Only Incident Depressive Episodes After Myocardial Infarction Are Associated With New Cardiovascular Events

Department of Psychiatry, University Medical Centre Groningen, University of Groningen, Groningen, The Netherlands.
Journal of the American College of Cardiology (Impact Factor: 15.34). 01/2007; 48(11):2204-8. DOI: 10.1016/j.jacc.2006.06.077
Source: PubMed

ABSTRACT The purpose of this research was to study whether incident and non-incident depression after myocardial infarction (MI) are differentially associated with prospective fatal and non-fatal cardiovascular events.
Post-MI depression is defined as the presence of depression after MI. However, only about one-half of post-MI depressions represent an incident episode, whereas the other half are ongoing or recurrent depressions. We investigated whether these subtypes differ in cardiovascular prognosis.
A total of 468 MI patients were assessed for the presence of an International Classification of Diseases-10 depressive disorder during the year after index MI. A comparison was made on new cardiovascular events (mean follow up: 2.5 years) between patients with no, incident, and non-incident post-MI depression by survival analysis.
Compared with non-depressed patients, those with an incident depression had an increased risk of cardiovascular events (hazard ratio [HR] 1.65; 95% confidence interval [CI] 1.02 to 2.65), but not those with a non-incident depression (HR 1.12; 95% CI 0.61 to 2.06), which remained after controlling for confounders (HR 1.76; 95% CI 1.06 to 2.93 and HR 1.39; 95% CI 0.74 to 2.61, respectively).
Only patients with incident post-MI depression have an impaired cardiovascular prognosis. A more detailed subtyping of post-MI depression is needed, based on an integration of recent findings on the differential impact of depression symptom profiles and personality on cardiac outcomes.

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Available from: Johan Ormel, Jul 29, 2015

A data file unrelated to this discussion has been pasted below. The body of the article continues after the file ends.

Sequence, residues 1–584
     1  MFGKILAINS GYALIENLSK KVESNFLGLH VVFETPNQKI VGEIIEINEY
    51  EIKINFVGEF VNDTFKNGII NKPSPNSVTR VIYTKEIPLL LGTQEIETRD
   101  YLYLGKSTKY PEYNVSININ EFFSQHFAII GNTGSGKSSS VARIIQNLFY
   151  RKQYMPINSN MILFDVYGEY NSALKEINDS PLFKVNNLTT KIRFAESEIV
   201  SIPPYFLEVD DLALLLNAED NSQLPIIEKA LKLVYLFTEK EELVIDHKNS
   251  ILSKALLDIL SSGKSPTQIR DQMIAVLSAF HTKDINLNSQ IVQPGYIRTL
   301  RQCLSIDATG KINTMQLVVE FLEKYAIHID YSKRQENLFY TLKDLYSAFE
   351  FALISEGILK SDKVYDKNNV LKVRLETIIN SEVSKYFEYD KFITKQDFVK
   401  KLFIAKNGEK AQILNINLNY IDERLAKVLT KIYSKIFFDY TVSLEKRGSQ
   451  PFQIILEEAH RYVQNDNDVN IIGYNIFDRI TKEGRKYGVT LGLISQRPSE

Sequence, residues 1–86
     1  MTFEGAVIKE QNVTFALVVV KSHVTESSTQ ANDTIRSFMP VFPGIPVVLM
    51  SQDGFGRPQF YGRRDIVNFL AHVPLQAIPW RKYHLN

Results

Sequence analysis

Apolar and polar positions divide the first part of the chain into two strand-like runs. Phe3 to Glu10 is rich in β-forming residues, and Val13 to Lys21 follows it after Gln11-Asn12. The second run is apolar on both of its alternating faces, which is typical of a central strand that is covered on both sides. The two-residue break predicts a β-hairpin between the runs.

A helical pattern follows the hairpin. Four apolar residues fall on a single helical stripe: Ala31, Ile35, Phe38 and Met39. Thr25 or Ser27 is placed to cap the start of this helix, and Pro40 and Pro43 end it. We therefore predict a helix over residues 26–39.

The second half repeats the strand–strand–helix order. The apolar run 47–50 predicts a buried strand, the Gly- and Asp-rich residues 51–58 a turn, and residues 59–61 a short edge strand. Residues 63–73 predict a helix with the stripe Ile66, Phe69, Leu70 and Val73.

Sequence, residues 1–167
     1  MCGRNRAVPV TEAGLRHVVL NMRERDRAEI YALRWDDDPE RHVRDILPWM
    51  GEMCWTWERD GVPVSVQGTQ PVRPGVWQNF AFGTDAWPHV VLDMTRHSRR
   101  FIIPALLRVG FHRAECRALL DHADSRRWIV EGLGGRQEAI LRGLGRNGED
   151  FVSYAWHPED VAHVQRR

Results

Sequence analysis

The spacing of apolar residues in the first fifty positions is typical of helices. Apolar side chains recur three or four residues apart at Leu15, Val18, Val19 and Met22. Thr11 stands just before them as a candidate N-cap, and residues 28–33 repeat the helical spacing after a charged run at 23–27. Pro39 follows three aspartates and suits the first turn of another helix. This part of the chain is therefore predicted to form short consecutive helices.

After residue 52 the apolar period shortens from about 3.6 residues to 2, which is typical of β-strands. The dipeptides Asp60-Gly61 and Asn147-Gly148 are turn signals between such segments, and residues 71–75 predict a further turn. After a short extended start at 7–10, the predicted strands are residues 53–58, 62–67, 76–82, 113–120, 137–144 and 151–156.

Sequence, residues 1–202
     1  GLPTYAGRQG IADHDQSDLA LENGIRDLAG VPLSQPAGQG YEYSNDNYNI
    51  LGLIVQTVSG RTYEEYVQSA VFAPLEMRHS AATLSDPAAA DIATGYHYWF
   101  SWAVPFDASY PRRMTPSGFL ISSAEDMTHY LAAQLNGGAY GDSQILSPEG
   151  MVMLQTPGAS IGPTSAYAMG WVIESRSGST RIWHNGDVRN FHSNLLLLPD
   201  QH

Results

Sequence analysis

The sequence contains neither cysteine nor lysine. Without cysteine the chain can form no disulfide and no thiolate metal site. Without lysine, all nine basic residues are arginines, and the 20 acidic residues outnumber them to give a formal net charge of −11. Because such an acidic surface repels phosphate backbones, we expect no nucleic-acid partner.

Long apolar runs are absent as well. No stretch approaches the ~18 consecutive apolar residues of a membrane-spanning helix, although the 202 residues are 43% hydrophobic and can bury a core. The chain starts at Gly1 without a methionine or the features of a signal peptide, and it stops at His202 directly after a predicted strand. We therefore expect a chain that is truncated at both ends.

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    • "Several studies [17] [18] [19] [20] have reported that a depressive episode commencing after an acute coronary syndrome (ACS) hospitalization is associated with worse cardiovascular outcome, while other studies [21] [22] have found precoronary event depression to also be associated with poor cardiac prognosis. Regarding the impact of course of depressive symptoms on cardiac prognosis, evidence suggests that depressive symptoms post-MI, whether they persist or subside, are associated with worse cardiac prognosis [23]. "
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    • "Recurrent depression in ACS patients more likely resembles depression seen in the general population. Common risk factors for depression in the general population such as lower educational level and higher neuroticism are also seen in non-incident post-MI depressed patients (De Jonge et al., 2006.) Unlike ACS patients with incident depression, individuals with recurrent depression may experience an exacerbation of a previously existing vulnerability which is triggered by the ACS. "
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